The last issue of this double feature series is here and conclusions are in order! Is it good?
Suicide Squad Most Wanted: Deadshot and Katana #6 (of 6) (DC Comics)
So what’s it about? The official DC synopsis reads:
Kobra put the fate of the Earth at risk-and now he wants Katana and the Squad to work beside him to clean up his mistakes. As the fight on his ark heats up, they’ll all need to decide what is most important!
Why does this book matter?
Aside from the fact that these characters will be immortalized in the brains of moviegoers in a few short weeks this series has had its plus sides. For starters, Katana is getting into one complicated pickle dealing with Kobra and their army. And for his part, Deadshot has had to deal with some very complicated family issues. Combined you have a comic that makes two characters who usually fight for page time shine through.
Fine, you have my attention. What’s good about it?
By the power of light!
The Deadshot story continues to be visually striking with pencils by Victor Bogdanovic and inks by Richard Friend that’ll make you go, “What who’s the artist?” The art is incredibly dark and moody, but also very capable at capturing intense violence and strong human emotion. Deadshot must take out a pretender who’s practically dressed just like him and the bloody, action-packed end is a sight to see. Writer Brian Buccellato reminds us this character is brutal, but also has a goodness he can’t deny all in this issue alone. Good stuff.
The Katana story has gotten all kinds of crazy with a rainbow entity flying around and plenty of Kobra to kill. Frankly though, the best bits are when the Suicide Squad show up, as they make all this action fun–especially Harley who has a cool shaggy hair look. And that’s the thing, this climactic end is action-packed and in some ways feels cosmic while doing it. Writer Mike W. Barr adds just enough violence at the end of Katana’s blade to make her villainous, but for the most part she’s a good guy through and through here. I suppose that happens when cutting your opponent means cutting through light.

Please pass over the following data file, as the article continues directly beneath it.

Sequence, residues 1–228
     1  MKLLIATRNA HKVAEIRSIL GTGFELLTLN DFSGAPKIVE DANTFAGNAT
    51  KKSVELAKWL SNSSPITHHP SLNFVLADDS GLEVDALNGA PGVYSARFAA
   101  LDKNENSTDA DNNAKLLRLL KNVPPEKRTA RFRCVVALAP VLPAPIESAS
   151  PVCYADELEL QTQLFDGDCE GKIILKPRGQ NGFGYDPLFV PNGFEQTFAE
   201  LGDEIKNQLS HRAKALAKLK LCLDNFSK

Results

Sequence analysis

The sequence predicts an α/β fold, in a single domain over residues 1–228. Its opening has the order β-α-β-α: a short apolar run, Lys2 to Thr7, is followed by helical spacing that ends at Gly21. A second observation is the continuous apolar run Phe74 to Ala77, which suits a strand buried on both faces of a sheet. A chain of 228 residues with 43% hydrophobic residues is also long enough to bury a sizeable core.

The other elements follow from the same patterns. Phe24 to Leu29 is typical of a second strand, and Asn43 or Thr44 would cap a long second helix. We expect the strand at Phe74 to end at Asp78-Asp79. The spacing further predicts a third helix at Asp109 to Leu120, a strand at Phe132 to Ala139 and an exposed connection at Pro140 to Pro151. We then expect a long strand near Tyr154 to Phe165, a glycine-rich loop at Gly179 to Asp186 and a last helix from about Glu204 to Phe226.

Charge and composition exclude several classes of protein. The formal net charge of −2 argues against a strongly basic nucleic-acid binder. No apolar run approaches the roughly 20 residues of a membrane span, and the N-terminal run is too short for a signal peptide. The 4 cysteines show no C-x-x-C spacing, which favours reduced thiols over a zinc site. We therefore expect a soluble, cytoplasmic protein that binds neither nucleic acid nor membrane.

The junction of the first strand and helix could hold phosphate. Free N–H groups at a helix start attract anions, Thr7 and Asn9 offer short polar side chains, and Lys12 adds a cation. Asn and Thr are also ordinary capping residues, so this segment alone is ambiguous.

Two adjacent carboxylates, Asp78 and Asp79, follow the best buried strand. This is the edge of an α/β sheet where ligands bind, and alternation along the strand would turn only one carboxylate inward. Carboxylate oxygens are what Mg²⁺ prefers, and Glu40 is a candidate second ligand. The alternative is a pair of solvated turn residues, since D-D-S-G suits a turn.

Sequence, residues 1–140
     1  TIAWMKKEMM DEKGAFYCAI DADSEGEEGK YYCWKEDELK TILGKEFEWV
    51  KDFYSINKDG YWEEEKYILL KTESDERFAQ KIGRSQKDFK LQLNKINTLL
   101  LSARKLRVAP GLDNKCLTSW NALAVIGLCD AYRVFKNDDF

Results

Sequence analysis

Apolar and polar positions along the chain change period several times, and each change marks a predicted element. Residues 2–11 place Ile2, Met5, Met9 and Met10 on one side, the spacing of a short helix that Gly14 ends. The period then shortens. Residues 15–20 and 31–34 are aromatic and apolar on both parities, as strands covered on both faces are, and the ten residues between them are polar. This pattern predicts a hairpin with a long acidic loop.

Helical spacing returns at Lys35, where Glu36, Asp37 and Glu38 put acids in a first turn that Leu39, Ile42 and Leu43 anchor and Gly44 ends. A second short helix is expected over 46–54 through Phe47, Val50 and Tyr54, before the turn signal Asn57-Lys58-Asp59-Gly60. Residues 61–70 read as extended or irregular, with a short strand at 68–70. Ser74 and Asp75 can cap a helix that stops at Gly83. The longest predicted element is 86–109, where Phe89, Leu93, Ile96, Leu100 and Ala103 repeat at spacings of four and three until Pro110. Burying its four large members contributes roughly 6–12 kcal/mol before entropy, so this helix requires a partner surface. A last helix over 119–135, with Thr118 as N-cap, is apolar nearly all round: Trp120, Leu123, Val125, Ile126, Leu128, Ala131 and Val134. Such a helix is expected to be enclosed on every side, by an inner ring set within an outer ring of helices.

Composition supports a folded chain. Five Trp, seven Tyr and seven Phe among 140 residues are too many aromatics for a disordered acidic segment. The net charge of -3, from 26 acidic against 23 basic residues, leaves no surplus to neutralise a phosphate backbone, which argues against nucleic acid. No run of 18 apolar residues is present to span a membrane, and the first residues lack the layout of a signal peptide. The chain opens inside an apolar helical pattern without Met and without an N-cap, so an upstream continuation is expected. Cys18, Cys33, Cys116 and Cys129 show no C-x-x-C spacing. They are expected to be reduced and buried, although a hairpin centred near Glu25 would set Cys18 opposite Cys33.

The pencils by Diogenes Neves are good too, with some nice crosshatching on the opening full page splash to show tiny details in a closeup. Though much of the Katana story takes place in a bunker, Neves’ pencils make the action feel event level big. The flying energy could have easily come off as Dazzler level stupid, but they look good and more importantly believable.
It can’t be perfect can it?
The Katana portion continues to grate on me in large part because the character seems subdued and uninteresting. If you had a person who knew nothing of the character read this they’d assume she is and always was a hero, which seems to be a big element missed.
While I enjoyed the Deadshot portion it does read as if it’s decompressed as it stretches the finale out a bit too much. It might be in part because the story seems to shift from scene to scene rather abruptly. I can’t pinpoint it exactly, but it might be the way the layouts are always bordered by black. Even the final scene, set during a bright sunny day, is cast in darkness as it swallows everything. It’s a style choice that doesn’t seem to fit exactly.
He’s a bad man.
Is It Good?
Aside from some minor quibbles this is a satisfying conclusion to a six part series that gives two usually minor characters the spotlight. It may not have quite achieved everything it set out to do, but each story is worth a look regardless for different reasons.